For details and information about enrollment visit the program website at or call 541-617-2877.

Can You Leave Your Child Home Alone?

While summer classes and camps are a good option for families with school-aged children, they can take a financial toll—especially when there's more than one child in the home. Many parents struggle with determining when it's OK to leave their children at home on their own or when to allow an older sibling to care for a younger one.

Oregon state law states that the individual with custody of child under 10 years old "commits the crime of child neglect in the second degree if, with criminal negligence, the person leaves the child unattended in or at any place for such period of time as may be likely to endanger the health or welfare of such child." In other words, it's against Oregon state law to leave kids alone at home for an extended period of time if they're under age 10.

While there's no specific state law surrounding the legal age kids must be before they can start babysitting, ORS 161.290 states: "A person who is tried as an adult in a court of criminal jurisdiction is not criminally responsible for any conduct which occurred when the person was under 12 years of age."

Whether it's to learn the skills kids need to stay at home alone, or to help watch younger kids, the American Red Cross offers babysitting classes for children ages 11 and older.

When deciding whether your child is ready to be left without adult supervision, ask yourself the following questions:

Do they know basic first aid?

Can they take care of their own basic needs responsibly?

Are they trustworthy?

Do they consistently make good decisions on their own without guidance?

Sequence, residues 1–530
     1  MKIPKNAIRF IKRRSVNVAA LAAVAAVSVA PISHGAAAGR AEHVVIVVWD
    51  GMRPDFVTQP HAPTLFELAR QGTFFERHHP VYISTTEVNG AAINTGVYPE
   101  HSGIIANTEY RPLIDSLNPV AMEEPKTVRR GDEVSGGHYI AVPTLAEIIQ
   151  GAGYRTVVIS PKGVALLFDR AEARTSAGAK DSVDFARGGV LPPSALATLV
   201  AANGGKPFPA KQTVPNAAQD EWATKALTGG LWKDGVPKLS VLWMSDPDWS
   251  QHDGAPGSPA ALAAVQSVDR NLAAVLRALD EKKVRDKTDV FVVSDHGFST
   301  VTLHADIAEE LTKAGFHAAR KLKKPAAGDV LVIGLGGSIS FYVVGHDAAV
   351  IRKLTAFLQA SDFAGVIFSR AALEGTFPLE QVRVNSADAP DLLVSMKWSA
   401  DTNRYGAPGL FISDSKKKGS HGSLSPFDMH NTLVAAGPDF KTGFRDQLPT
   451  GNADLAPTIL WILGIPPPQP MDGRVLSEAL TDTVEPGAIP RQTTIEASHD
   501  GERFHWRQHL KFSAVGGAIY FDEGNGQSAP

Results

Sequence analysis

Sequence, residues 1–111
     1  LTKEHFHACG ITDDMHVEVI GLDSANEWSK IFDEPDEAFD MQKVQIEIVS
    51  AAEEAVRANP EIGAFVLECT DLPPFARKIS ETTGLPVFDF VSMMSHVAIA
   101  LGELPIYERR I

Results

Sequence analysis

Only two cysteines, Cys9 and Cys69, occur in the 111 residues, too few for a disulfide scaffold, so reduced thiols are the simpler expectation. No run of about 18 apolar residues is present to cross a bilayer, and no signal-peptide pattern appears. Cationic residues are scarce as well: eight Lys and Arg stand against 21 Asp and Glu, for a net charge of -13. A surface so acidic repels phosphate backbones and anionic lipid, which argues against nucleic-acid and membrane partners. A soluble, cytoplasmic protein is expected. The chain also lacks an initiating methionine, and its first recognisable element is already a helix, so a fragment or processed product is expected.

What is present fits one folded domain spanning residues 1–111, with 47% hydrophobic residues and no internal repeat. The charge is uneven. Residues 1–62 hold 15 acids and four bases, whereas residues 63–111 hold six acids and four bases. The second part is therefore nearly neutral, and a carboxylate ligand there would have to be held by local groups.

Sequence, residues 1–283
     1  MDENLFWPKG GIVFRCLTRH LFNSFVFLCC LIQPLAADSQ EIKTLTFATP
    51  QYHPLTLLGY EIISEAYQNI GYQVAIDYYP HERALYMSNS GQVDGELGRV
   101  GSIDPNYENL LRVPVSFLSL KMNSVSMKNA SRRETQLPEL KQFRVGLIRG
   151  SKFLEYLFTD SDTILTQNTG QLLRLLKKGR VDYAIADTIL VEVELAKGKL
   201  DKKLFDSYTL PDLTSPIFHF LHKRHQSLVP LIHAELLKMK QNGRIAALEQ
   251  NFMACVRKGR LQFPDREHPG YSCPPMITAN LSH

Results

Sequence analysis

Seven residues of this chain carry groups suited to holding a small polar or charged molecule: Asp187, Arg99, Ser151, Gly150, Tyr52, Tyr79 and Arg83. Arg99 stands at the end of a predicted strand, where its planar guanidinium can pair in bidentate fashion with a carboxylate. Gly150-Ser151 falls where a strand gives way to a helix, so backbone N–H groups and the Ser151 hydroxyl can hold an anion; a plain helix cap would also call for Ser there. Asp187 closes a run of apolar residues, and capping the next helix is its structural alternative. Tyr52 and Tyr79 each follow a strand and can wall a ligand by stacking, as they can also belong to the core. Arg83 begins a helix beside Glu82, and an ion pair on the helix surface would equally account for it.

Before you leave your child on their own, make sure they're clear on your rules and expectations as well as what to do in the case of an emergency. If you have a neighbor or friend who is available while you are gone, see if they'll volunteer to be an emergency contact and let them know what your schedule is.

Child Care Swaps

Mindy Noe is the owner of The Village Preschool. Her son Damian is eight years old and aging out of her preschool program. "(Damian) isn't old enough yet to take off on his bike by himself to a friend's house, unless they live really close by, and camp options can be really expensive," says Noe. "Luckily, I am self-employed and plan to have him do some work with me this summer... to earn a little spending money for himself. For the most part, though, I want him to enjoy his summer, play outside, ride bikes, fish and swim." Noe has organized a child care swap with a close friend to make sure her son has plenty of active, fun time.

In addition to child care swap and self-care, volunteer opportunities for kids exist throughout Central Oregon. While finding summer care for your children is always challenging, there are still plenty of options available for families willing to do a little phone work and a whole lot of creative thinking.

If you're still holding out hope for a specialized camp that matches your child's unique interests, an extensive list of Summer Camp offerings throughout Central Oregon can be found online in Bend Nest's summer camp roundup at: